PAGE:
MX vs. ATV: Supercross (Video Game Review)



The fact that the MX vs. ATV franchise is getting another entry is something of a miracle after former publisher THQ crumbled into bankruptcy. Nordic Games quickly snatched up the rights to the series alongside comparatively more successful and popular properties like Darksiders and Red Faction, suggesting that they either had a lot of faith in MX vs. ATV’s cult fanbase to keep driving sales or aimed to reach a broader audience. That in mind, Supercross is an odd game, keeping newcomers at arms length while giving long-time fans a decent, but disappointingly truncated and stripped down outing for the series.

For those unaware of the MX vs. ATV franchise, they’re racing games which put players in the seats of either a two-wheeled motocross bike or a four-wheeled all-terrain vehicle. You compete either against a group of rivals on the same type of vehicle or in a madcap free-for-all as two-wheelers battle quad bikes. Out of the gate, you’ll notice there’s no tutorials to be found aside from the odd load screen hint. Newcomers are left to fend for themselves and while the core mechanics aren’t insurmountably complex, there’s certainly enough quirks in the controls and bike handling to make you wish there was at least a brief primer to clue you into the best tactic for taking turns and feathering the throttle, etc.
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There’s a bit of a learning curve, but after you’ve gotten used to your bike’s ability to make 90 degree turns in a fraction of a second, things become much more enjoyable. There’s noticable differences between the handling of the two different styles of bike and there’s inherent challenge as you learn how to shift your weight to take corners efficiently and measure your speed to land with the curve of ramps rather than gunning your engine non-stop until you hit the finish line. The core gameplay is a lot of fun, especially in the MX vs ATV events as everything descends in slam-heavy chaos as riders crash into each other (you’ll be wishing for a Road Rash-style attack button at times) or veer off-track sending barrier boxes littering your path.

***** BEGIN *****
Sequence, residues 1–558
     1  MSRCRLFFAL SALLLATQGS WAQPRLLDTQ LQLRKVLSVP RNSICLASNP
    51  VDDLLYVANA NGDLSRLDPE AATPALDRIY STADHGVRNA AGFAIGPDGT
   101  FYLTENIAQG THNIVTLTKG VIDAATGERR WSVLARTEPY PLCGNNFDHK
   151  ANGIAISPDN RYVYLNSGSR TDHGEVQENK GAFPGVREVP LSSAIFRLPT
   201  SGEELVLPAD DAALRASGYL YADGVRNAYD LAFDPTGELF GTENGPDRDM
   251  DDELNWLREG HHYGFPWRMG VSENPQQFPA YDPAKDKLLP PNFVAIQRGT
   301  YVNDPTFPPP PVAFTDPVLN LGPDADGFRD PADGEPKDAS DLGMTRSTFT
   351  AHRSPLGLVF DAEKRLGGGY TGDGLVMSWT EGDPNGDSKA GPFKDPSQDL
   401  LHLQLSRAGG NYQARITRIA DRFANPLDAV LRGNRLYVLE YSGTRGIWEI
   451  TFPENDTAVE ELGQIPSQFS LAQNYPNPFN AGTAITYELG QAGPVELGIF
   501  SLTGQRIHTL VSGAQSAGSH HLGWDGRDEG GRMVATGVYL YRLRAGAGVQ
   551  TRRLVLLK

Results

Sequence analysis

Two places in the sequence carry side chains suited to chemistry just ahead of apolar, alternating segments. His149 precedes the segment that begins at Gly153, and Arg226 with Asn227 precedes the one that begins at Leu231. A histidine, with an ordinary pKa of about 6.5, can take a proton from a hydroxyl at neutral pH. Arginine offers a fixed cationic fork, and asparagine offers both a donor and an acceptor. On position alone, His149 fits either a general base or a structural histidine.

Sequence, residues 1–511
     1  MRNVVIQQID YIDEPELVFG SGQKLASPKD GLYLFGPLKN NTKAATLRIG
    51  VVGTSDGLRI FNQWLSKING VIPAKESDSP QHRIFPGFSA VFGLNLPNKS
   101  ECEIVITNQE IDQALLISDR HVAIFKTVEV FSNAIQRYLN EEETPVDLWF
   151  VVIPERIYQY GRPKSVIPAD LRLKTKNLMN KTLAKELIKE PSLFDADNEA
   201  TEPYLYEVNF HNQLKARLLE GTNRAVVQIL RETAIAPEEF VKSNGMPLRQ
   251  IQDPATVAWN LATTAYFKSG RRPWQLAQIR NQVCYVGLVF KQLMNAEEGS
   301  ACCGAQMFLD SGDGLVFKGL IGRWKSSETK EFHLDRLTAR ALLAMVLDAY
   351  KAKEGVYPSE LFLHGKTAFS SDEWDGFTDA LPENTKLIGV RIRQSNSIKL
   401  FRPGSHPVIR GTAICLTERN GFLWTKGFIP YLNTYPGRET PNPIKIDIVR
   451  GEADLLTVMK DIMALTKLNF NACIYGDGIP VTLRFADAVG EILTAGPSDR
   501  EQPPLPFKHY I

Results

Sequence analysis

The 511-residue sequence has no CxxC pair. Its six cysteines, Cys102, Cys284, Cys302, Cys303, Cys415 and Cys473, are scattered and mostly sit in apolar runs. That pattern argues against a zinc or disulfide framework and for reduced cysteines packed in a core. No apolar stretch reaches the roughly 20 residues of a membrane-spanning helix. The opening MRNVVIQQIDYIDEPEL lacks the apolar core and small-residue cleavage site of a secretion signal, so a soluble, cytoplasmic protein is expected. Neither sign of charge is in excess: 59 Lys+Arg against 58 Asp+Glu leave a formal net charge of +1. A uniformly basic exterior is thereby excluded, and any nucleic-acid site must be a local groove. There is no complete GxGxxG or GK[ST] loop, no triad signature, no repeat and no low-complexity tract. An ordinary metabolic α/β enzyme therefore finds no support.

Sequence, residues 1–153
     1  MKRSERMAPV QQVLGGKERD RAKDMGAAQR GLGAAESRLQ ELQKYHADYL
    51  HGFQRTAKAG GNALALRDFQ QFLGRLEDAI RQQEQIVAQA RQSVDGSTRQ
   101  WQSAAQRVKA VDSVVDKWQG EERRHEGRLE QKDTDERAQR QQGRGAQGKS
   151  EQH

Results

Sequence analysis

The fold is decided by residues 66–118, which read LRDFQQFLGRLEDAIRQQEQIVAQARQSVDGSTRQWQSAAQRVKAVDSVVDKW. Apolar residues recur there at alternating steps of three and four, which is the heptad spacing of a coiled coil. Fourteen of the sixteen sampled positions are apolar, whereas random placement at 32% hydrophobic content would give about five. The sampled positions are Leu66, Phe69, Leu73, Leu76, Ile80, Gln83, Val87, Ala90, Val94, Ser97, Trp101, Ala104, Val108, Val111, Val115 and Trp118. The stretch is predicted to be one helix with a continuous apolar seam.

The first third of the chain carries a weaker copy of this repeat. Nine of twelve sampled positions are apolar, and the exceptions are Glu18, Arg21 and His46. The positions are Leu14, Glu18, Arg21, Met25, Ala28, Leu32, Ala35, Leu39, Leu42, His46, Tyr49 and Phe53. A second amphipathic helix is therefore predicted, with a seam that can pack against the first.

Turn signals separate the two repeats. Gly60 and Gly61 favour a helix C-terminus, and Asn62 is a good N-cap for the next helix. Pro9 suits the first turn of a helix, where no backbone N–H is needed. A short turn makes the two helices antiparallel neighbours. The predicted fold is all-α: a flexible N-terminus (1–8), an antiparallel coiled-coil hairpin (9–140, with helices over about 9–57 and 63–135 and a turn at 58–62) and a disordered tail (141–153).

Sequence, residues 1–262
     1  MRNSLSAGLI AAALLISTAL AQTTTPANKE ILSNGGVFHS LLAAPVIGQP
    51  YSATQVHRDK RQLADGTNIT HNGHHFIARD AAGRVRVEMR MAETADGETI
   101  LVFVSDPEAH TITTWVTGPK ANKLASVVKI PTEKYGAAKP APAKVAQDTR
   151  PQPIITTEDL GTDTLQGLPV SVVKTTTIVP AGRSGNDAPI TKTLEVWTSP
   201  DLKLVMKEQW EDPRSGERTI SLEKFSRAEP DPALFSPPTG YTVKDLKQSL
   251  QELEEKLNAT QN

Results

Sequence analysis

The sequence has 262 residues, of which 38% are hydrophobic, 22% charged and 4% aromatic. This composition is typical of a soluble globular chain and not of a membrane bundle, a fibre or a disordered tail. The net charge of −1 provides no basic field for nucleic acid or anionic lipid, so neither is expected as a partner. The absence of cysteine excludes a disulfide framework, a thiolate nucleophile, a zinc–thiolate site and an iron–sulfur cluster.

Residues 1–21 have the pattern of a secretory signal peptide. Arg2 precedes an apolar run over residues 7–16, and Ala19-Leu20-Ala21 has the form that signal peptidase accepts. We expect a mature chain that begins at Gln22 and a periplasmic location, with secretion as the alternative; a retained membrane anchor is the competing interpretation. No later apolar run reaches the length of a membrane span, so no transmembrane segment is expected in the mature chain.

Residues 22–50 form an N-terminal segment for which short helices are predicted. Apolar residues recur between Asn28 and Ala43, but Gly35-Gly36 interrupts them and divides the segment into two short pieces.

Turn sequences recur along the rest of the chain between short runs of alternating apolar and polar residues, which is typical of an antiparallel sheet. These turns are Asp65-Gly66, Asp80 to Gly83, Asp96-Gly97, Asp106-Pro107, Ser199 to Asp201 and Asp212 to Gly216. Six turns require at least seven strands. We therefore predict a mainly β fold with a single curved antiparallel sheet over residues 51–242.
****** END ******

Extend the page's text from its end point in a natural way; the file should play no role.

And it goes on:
But after your first few races, you’ll start to notice that each one feels awfully similar to the last. The 17 track main career mode offers next to no variety, with nothing but arena-based dirt tracks that only offer the slightest differences in circuits, dips and ramp placement. There’s a trick system (again, with no tutorial), but it’s entirely superfluous; there’s no dedicated trick events and your ability to pull wheelies and mid-air daredevil feats has no baring on the outcome of any races. You unlock new MX and ATV bikes and upgrades as you progress, but they really offer superficial changes. There’s a handful of online modes, too, but they’re sparse and already underpopulated.
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One of the big draws for the bulk of the MX vs. ATV franchise was the amount of vehicle variety, from dirtbikes to monster trucks (and even airplanes), or the breadth of gameplay options as you could play to your respective vehicle’s strengths in a wide range of arena races and offroad events or hop into track editors and score-based trick challenges. There’s none of that gameplay diversity here, making Supercross feel like a regressive step back from the first few entries in the series.

All considered, the first outing for the MX vs. ATV series under Nordic Games’ banner is a noticeable step back for the franchise. Considering the budget price, the solid, fun racing gameplay might make Supercross appealing to hardcore fans who want a little more of the same. But the sheer lack variety in terms of tracks, events and vehicles means that newcomers looking to get in on some dirtbike action would probably be better off picking up one of the series’ more robust earlier entries for less than half the price.

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MX vs. ATV: Supercross is available now on PS3, Xbox 360 and PC.
Click here to buy the game from Amazon.co.uk.